Which came first

Ahh, the age-old question of the chicken or the egg. There’s a similar theme in my family having to do with my Dad and making stuff. He introduced me to electronics when I was too young to realize how awesome it was, I introduced him to the Raspberry Pi, then he introduced me to Adruino. I introduced him to video capture on the Pi (with the help of a 3D printed camera case) and he turned it around into a nest cam! Ahh, so there’s the bird connection, this is a post about setting up a quick and dirty (and surprisingly effective) nest cam!

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A Vernier Go!Link package for Mathematica

The Go! Link from Vernier Software & Technology (Vernier), is a USB adapter for their proprietary sensors which also provides some basic features such as a buffer, sensor auto-identification and raw voltage reading conversion. Vernier provides a software development kit which allows programmers to use Go! devices in their own systems. Since Wolfram’s Mathematica software became available on the Raspberry Pi, I have been thinking about how one can build a flexible sensor system using Vernier’s products and based on the inexpensive computer and the powerful data analysis and visualization tools of Mathematica. This project isn’t new, and my earlier attempts were highlighted on the Raspberry Pi blog and I recently announced a previous version of this software package. What I’m presenting now is a more user-friendly system that makes data collection easy through the device driver framework incorporated into Mathematica.

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C2E2 – Working on my Chicago bucket list

One of the things I absolutely had to do before leaving Chicago is to attend C2E2 – the Chicago Comic & Entertainment Expo.  Every year I’ve been here, I’ve remembered I needed to get tickets a week after the event ended!  This time, with Chicago State cancelling spring break and me having to forfeit my trip to New Mexico, I was determined not to miss the event.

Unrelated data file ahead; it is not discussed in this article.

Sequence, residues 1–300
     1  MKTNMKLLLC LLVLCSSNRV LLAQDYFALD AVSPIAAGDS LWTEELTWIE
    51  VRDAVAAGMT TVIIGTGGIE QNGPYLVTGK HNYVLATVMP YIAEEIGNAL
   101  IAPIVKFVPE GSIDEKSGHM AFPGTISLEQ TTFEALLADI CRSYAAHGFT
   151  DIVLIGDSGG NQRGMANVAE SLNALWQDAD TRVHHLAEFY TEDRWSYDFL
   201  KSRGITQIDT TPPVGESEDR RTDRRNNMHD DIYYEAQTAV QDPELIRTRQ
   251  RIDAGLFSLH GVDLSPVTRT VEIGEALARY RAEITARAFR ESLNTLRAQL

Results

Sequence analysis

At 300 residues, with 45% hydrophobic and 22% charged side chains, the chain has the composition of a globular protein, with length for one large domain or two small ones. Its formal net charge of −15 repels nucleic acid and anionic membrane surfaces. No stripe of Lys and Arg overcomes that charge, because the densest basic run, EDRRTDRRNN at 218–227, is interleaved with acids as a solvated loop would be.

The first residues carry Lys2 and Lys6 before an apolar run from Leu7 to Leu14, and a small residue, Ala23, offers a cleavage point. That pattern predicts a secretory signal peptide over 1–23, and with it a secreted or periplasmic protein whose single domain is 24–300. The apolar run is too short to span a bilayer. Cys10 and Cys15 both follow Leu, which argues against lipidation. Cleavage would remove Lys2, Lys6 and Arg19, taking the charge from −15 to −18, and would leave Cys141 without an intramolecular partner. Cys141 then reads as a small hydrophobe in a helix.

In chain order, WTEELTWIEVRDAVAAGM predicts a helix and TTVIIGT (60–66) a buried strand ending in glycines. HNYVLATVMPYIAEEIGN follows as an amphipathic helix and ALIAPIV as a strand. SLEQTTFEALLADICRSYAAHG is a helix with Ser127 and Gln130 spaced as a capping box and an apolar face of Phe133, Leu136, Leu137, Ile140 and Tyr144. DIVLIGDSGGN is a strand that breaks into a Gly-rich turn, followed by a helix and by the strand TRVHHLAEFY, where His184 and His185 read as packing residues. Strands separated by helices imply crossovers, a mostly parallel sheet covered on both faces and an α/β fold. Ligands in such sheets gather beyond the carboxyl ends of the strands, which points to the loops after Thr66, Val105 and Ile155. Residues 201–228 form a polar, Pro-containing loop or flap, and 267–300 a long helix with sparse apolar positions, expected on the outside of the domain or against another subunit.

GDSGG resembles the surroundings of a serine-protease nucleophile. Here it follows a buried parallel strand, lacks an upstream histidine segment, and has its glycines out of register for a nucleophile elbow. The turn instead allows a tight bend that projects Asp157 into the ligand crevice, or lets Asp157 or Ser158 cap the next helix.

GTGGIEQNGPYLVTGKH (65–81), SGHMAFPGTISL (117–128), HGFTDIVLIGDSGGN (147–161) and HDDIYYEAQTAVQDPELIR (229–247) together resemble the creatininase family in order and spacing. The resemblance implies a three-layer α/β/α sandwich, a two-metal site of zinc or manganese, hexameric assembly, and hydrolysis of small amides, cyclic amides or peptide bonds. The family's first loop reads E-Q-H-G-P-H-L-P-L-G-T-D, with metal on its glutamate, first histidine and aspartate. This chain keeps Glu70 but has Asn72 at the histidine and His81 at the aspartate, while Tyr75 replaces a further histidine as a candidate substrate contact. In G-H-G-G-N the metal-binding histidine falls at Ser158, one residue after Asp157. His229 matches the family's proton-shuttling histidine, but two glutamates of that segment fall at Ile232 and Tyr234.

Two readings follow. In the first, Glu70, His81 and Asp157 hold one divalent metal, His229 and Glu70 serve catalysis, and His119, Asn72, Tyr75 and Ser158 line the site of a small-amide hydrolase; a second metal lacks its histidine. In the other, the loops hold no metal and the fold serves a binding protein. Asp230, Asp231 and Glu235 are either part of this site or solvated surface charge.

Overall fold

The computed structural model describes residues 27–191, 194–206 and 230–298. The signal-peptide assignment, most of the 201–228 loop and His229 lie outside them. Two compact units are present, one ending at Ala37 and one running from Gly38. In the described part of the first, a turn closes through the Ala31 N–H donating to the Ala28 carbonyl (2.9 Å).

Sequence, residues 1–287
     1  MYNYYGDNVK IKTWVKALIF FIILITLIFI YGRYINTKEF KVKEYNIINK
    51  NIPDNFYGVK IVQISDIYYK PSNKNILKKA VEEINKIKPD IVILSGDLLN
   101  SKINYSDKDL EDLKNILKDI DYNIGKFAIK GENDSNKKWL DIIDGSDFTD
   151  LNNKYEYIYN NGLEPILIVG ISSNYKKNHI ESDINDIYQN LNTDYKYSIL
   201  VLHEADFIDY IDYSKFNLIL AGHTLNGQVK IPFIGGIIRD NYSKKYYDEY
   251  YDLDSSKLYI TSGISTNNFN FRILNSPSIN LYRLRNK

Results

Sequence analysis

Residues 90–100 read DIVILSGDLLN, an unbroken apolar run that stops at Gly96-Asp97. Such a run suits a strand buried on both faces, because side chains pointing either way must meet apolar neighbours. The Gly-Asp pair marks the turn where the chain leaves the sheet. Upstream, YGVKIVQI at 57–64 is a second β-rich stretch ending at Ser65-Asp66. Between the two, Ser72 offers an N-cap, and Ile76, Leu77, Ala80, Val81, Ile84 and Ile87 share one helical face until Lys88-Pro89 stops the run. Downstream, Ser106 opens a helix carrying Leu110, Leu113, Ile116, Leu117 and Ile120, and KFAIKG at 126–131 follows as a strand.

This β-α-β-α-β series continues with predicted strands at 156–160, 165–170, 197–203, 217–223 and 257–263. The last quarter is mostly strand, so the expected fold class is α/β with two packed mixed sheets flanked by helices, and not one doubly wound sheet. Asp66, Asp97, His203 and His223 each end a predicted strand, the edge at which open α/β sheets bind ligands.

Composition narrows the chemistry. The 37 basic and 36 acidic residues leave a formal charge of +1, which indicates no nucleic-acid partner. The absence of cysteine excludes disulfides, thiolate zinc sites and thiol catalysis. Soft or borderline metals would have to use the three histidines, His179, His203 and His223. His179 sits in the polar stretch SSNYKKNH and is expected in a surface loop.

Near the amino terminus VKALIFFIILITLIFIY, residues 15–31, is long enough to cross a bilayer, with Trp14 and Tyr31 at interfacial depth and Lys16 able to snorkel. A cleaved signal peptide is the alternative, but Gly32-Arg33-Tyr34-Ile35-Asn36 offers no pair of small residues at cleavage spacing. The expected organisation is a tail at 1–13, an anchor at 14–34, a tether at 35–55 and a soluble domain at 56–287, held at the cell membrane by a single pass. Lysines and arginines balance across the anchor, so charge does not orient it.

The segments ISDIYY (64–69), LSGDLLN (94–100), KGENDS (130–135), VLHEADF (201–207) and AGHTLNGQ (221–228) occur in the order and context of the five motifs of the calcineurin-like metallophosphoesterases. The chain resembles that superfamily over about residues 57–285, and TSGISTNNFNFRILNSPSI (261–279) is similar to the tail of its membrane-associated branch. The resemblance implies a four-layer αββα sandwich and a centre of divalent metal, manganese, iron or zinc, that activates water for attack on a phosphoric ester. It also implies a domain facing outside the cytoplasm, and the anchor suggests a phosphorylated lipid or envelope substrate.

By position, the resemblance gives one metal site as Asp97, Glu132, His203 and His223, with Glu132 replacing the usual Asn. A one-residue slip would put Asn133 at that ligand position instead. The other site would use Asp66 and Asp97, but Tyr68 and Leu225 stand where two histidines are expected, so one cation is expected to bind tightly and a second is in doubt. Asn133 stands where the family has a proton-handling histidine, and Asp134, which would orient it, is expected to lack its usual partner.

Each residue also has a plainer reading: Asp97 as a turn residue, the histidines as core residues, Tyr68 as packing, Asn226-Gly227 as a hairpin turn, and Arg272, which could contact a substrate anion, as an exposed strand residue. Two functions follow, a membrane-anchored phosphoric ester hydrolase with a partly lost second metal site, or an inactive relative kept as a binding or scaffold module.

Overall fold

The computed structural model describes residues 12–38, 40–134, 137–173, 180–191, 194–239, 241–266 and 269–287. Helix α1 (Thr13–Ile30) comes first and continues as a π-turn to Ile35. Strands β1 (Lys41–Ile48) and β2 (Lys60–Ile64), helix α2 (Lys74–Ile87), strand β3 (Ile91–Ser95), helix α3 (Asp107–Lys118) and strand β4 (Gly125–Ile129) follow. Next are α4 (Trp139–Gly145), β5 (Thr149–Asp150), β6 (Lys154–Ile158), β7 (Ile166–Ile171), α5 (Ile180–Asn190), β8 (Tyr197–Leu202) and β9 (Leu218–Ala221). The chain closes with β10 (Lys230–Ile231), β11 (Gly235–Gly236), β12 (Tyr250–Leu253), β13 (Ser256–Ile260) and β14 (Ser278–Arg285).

Turns out I don’t know much about popular culture.

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Optimizing data acquisition

This is the first of a new series (tag) Dancing with Wolfram.  Occasionally, I need to work through programming strategies in Wolfram, and I need a place to store my ideas.  Perhaps they will be useful to others.

The problem

When collecting data from a sensor, one wants to generate a list of {x, y} pairs where x is typically time and y is the sensor reading.  One way of doing this is to create an empty list and then using Mathematica’s AppendTo function to add elements to the list.  The problem with this approach, however, is that it is not very efficient.  The function call makes a copy of the original list each time, and when the list of data gets very large, the time it takes to store a data point increases.  Below, I’ve plotted the average time needed to store a datapoint as a function of the list size.  For comparison, I’ve collected data (times measured on a Raspberry Pi v2)  using AppendTo with a list (blue dots) and adding key -> value pairs to an association (orange dots).

list-association-gr1

After about 1000 data points, the AppendTo a list approach starts to take increasingly longer times.  I was unable to collect any data beyond 10,000 data points since AppendTo started running into memory issues.  It is not unreasonable to expect a sensor data set to contain in excess of 1000 data points, so the performance of AppendTo is not acceptable.

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GoIOLink release candidate 1

Introduction

GoIOLink is the flagship component of a project I call VernierPiLink which seeks to provide a variety of Vernier-sensor-Raspberry-Pi integration resources.  It relies on VS&T’s Go!Link USB adapter to perform the physical connection between an analog Vernier sensor and the Raspberry Pi.  On the software side, I am using the Go! I/O software development kit also from VS&T and the Wolfram Language which comes free (for non-commercial use) on the Raspberry Pi.

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Trash to treasure in the chem lab

A few years back, I bought a whole bunch of Fisher brand pipette tips and now my lab is cluttered with a bunch of empty plastic boxes now that the tips have been used and disposed of.  I needed a quick project enclosure to build an instrument for a student and thought this might be an interesting exercise in repurposing.

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Using Vernier LabQuest sensors on the Raspberry Pi

In the previous iteration of my website, I had some details about installing the Vernier Go software development kit on the Raspberry Pi and then using Mathematica to visualize the results.  Here is an updated set of instructions which is a little more straightforward.

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